One of our very outspoken elder priests, 86 years old, who has been president of the Catholic University and a professor at Sogang University, was interviewed by one of the Korean dailies on the present situation of the country. Though the priest was not enthusiastic about either the past or present political conditions in Korea, the interviewer said he would always end up on a hopeful note.
He gave his opinion on the state of affairs with the North. The regime in the North, he feels, will not last long. We had the tyrannies of Mao Zedong and Stalin and our own tyrannies of past dynasties. But 29-year old Kim Jong-eun, who has studied in Europe, will have difficulty following in the steps of past dictators and keeping control of the country. Once the internal structures are in place, the priest believes that Kim Jong-eun will be open to giving his people more freedom. Having learned and seen a lot outside of the country, he will try to realize these dreams by changing the way the country is governed, the priest said.
He reflected also on our recent Seoul mayoral contest between candidates from the two major parties, neither one getting much support from the voters. The non aligned candidate for the presidency next year is very popular with the voters. The young especially are showing distaste for the two major parties, and the government has made little effort to reach the young people. The reality of the current situation is that Korean college graduates are not finding work or are underemployed, and that the suicide rate for the young is high. Some of the younger people, the priest said, are members of the '88 Generation' because they are taking jobs for an average of less than a thousand dollars a month, a very low salary for a college graduate.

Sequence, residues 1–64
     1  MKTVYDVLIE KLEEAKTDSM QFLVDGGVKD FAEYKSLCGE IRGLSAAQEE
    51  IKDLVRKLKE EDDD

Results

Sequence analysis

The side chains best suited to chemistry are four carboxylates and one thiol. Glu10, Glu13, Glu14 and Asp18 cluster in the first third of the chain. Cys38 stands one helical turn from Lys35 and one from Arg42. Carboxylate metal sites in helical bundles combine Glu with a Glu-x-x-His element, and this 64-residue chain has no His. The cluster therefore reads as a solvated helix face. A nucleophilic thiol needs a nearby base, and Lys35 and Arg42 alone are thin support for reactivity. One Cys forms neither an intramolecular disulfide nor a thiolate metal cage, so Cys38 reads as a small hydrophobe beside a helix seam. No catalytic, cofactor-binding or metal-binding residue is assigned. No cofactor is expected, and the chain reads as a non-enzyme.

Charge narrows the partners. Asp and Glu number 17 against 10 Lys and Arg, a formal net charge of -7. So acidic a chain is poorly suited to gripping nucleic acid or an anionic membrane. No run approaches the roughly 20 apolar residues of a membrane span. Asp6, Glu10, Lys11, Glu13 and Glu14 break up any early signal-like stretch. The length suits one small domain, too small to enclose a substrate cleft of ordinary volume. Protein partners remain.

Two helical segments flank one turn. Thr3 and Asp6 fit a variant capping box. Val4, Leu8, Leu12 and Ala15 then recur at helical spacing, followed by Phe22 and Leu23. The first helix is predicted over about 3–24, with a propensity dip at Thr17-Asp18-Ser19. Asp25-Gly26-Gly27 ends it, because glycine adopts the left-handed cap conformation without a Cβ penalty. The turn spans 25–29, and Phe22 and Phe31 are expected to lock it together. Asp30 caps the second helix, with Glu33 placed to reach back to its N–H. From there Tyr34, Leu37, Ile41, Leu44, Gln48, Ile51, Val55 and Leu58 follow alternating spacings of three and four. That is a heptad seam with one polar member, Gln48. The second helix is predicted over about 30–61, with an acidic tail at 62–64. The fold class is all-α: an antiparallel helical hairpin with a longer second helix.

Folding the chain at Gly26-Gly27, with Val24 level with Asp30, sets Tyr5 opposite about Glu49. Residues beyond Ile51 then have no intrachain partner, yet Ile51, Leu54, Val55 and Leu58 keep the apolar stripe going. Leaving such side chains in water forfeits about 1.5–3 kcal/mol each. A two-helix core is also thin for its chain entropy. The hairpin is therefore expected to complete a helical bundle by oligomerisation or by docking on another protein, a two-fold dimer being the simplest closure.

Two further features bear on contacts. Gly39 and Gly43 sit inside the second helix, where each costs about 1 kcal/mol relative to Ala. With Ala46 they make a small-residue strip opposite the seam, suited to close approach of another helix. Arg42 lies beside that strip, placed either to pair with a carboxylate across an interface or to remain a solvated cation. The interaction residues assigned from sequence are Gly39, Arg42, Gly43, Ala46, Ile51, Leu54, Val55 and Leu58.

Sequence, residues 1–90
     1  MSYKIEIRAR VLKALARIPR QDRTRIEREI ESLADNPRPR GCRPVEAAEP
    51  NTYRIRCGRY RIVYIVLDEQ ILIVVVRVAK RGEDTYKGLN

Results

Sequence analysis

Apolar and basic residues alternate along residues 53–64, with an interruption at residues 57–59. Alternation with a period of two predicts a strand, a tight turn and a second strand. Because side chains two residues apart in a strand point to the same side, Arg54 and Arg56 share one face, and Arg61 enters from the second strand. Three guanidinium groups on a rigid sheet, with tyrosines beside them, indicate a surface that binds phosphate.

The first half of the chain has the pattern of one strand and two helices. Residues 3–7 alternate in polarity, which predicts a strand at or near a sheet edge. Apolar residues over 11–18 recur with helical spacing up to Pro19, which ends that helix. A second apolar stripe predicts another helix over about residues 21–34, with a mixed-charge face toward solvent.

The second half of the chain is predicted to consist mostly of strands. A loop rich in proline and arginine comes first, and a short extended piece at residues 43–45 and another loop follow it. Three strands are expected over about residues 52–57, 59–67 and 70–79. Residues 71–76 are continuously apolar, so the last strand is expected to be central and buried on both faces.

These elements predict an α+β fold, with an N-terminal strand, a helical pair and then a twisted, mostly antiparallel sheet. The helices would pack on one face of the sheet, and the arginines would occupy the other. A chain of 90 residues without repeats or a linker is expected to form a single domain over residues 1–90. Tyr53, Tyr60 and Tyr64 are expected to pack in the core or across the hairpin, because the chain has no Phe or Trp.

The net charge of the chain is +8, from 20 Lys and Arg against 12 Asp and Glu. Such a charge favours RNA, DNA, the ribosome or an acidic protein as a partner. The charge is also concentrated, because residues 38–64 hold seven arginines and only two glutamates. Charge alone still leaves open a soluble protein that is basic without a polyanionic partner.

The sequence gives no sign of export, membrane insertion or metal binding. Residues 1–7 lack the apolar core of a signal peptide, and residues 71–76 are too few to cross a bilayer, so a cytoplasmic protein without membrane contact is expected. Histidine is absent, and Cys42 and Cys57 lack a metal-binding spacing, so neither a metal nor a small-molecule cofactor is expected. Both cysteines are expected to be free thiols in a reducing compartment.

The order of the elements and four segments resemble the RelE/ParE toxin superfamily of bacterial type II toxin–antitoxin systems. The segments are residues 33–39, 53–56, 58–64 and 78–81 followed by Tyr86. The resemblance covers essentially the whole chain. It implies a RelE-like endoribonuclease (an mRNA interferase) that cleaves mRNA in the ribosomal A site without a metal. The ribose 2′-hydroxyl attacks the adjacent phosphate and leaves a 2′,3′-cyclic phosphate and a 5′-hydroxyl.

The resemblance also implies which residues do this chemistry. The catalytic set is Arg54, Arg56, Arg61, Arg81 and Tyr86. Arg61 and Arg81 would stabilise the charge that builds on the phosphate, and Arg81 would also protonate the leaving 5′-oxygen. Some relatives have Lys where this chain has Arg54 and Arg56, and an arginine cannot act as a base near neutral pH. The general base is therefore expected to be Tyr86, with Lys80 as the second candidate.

Korea is a small country, and it is impossible to put all the college graduates to work. His solution is to send them overseas like our Olympic ice skating queen Kim Yuna. If the young are kept in the country, he believes it will foster the leftist philosophy of our future leaders.
His solution is to create a Culture Corps. We have learned a great deal from the time of the Korea War, he said. It is time now to help other countries by sending our graduates where they are needed: to eradicate illiteracy, to help schooling the disadvantaged, and to setup medical projects. At least 200,000 workers will be needed and should be given from 2,500 to 3,000 dollars monthly, a very attractive salary. It will be a great drain on the country, he admits, but he believes it will all come back to us when they return. This will help alleviate the conflicts between the younger and older generations and be a good example to the rest of the world.
He points out that they will not be going out as workers with specialized skills but simply as persons intent on helping others live a better life. Is there any other work that will have so many good benefits? he asks.
That we will ever see this happening is not very likely. But to have one of our elders thinking these thoughts may inspire others to do the same, and in time maybe what now seems unlikely may become reality.